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Flamenco Music in the heart of Andalucía

               Before going to work for Armani in Italy,  I had the good fortune to spend the first half of my Third Year Abroad in the heart of Andalucía, in Córdoba. This is a piece that I submitted to the British Guild of Travel Writers travel writing competition. Although it didn’t win, I still enjoyed recalling the story in minute detail to be able to put it down on paper, and I like having the excuse to write a narrative piece in a different style from my normal posts. I hope it gives you a sense of my amazement with what I had stumbled into by moving to Córdoba – this is just one of the many tales I have to tell from those 6 months, of which I have such fond memories. I suggest you play the video below while you read the story, to give you a flavour of Flamenco music. And if you haven’t seen it, the film ‘Flamenco, Flamenco’ by Carlos Saura is just beautiful. Enjoy!

          The delicious heat continued late into the night, and I found myself heading to the only part of the great old crumbling house where any semblance of a breeze arrived, on the roof terrace overlooking other rooftops in the historic Jewish Quarter. Not far away I had a clear panorama of the illuminated bell tower of the Mezquita. Two stories below me in the tiled courtyard, and on the balcony which surrounded the courtyard one story below me, were groups of people chatting, drinking copas, laughing infectiously, flirting, dancing, smoking. I was a little unsure of how I’d ended up here at this party, having only arrived in Córdoba little more than 4 days beforehand. Laden down with 6-months-worth of belongings stuffed into one suitcase, I had found an adorable flat within earshot of the main square, which came complete with a feisty kitten and three eccentric actors, all four of them born-and-bred Andalucians. Knowing absolutely no one in the city, I had moved from the monotony of a family home in Hampshire to the former capital of the Arabic empire in Spain, a Moorish city in the heart of Andalucía, whose cobbled streets lined with orange trees wound like a maze around centuries-old squares and postcard-perfect crumbling houses adorned with flowerpots.

         I faintly knew only a handful of people at that party, but that didn’t last long as the Spaniards took me under their wing and were intrigued by this new stranger who had arrived. It was here that I met Paco, a córdobes through and through. I had seen him playing the guitar down in the courtyard below. I don’t know quite how I came to be talking to him, but I complimented him on his music and he proudly explained to me in Spanish:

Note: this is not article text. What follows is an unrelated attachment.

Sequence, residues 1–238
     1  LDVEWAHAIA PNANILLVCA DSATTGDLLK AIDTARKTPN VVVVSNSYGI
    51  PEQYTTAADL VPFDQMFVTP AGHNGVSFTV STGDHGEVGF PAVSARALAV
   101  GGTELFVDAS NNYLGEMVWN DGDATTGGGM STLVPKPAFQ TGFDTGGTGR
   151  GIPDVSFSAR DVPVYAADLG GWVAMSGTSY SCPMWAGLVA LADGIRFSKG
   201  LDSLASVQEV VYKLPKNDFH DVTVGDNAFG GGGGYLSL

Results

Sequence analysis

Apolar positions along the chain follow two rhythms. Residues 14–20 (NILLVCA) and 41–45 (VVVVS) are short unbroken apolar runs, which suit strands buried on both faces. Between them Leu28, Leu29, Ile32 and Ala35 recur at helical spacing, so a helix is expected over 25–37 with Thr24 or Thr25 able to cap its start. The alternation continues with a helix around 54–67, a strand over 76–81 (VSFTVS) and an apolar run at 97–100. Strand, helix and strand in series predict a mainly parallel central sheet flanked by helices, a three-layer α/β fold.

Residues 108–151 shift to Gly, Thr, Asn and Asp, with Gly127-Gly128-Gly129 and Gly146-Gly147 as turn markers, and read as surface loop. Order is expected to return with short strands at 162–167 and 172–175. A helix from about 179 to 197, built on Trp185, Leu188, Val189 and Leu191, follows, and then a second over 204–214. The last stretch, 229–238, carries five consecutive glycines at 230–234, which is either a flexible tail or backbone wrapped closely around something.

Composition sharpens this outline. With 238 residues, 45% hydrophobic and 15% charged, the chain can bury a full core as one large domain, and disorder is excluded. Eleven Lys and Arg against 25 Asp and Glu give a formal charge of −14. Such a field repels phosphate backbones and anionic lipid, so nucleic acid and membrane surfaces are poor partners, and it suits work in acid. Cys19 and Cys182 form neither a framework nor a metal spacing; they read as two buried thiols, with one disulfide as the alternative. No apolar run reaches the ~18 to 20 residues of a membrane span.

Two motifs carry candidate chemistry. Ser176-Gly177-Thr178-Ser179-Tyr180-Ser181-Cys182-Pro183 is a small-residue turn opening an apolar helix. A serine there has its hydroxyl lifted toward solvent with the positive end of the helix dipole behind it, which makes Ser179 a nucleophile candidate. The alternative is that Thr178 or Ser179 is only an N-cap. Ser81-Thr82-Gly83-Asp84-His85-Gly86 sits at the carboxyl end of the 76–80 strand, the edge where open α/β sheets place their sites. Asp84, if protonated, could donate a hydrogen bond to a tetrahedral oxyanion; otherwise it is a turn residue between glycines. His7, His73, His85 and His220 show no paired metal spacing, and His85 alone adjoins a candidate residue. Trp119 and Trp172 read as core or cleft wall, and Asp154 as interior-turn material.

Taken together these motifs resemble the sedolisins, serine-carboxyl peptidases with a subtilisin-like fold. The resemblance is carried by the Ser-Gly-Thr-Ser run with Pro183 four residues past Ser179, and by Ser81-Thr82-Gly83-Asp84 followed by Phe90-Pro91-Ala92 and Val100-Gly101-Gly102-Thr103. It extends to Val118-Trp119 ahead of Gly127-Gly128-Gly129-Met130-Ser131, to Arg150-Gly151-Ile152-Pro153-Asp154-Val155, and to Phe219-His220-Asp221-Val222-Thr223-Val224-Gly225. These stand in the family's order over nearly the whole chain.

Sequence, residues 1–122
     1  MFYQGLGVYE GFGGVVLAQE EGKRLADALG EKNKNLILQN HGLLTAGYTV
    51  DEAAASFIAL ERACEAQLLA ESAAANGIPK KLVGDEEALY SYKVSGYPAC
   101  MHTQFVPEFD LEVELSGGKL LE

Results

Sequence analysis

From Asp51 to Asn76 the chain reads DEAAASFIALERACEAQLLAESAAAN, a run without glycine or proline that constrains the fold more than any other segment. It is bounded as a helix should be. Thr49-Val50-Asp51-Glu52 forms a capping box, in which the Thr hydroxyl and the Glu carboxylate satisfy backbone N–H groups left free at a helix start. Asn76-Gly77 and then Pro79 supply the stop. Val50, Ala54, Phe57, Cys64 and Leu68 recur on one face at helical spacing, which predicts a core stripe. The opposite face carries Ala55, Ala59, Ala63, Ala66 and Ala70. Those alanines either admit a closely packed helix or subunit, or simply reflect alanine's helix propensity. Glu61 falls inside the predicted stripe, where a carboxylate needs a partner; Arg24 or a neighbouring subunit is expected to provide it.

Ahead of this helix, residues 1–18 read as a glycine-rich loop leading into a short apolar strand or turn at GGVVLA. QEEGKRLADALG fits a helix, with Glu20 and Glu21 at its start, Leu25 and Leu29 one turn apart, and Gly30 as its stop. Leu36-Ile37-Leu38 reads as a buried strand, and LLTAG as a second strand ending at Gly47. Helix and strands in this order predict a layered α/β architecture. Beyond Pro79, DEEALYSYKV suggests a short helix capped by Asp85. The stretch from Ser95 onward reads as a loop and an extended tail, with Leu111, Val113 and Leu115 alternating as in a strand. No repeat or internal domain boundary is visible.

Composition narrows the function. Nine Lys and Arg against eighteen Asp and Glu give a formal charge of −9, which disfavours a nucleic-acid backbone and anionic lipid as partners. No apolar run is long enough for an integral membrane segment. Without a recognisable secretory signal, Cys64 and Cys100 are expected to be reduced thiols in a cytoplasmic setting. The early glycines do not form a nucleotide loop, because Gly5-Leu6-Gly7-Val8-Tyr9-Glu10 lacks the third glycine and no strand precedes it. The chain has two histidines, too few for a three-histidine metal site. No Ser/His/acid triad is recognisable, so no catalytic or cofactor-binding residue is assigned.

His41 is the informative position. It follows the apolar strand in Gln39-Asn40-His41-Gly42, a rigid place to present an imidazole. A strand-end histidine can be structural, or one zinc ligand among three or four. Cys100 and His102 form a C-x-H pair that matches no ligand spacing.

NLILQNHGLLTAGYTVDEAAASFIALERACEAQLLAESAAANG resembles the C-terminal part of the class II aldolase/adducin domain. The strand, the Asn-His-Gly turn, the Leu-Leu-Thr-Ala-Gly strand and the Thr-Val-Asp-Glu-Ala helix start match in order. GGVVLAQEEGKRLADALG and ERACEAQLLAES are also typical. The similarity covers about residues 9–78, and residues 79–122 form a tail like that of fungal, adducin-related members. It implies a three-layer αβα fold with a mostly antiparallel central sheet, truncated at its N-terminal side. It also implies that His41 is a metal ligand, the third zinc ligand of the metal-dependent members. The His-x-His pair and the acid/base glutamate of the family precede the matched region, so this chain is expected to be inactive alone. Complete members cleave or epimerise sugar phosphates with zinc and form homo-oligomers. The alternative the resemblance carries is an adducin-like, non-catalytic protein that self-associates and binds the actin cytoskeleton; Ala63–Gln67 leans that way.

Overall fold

“My music is my life. You see, I am studying Flamencología, the highest art form there is.”

         “Flamencología?” I asked, rather surprised to find out that one could get a degree in Flamencology, or rather, the art of Flamenco music. He laughed at my ignorance and exclaimed:

         “Of course! You will see. Don’t you worry, I will show you.” I half expected him to whip out the guitar once again, but he didn’t say another word on the topic of Flamenco music and instead told me to meet him the following day in the Plaza de las Tendillas at midday. And then just like that, he called some friends of his over to meet me, and the night continued in a haze of smiling faces, names I had no hope of remembering, endless kisses on cheeks and glass after glass of iced tinto de verano, in an attempt to keep cool.

Paco playing the guitar at Medina Azahara

Paco playing the guitar at Medina Azahara

         True enough, Paco met me in the Plaza de las Tendillas the next day. We drove a little way out of the city to the west, to Medina Azahara, the ruins of a grand Muslim city that was built, and also destroyed, over 1,000 years ago. Weaving through the ornate arches we reached a terrace overlooking the ruins and took a perch in the shade of a cypress tree, in the complete still and quiet of the early afternoon. Paco had brought his guitar with him and began to strum some chords, playing a Flamenco melody that danced across the contours of the ancient city. He provoked in me a whole new appreciation for this music genre that so perfectly belongs to Andalucía, and even defines it. I was utterly mesmerised. What I didn’t know was that this was only the beginning of my “education” of Flamencología.

         Whenever I had seen Flamenco danced beforehand I had always focussed on the ruffles of the dancers’ dresses and their frantic footsteps, and I had failed to get the full picture, never paying enough attention to the musicians. Paco was eager to teach me that the guitarist was only one element of Flamenco music and a few weeks later he invited me, in a similarly mysterious fashion, to a music recital to say farewell to a retiring professor from his university department. This is how I found myself propped up against a wooden pillar in a dimly-lit, husky bar hidden deep within Córdoba’s historic Jewish Quarter, with the taste of an intense Pedro Ximénez wine on my lips, with the vibrations of 30 or so individual feet tapping the floor beneath me. My ears were assaulted in every sense by the palmistas, the 30 or so pairs of clapping hands that punctuated the guitarist’s rhythm, and of course by the profound passion of the singer herself. The students took it in turns to sing and I longed to be able to join them in their wistful songs.

         Paco opened a window for me into the rich cultural identity of these people, who so warmly welcomed me into their lives and into the heart of Andalucía, and through him I discovered an art form that I’ll treasure for the rest of my life.

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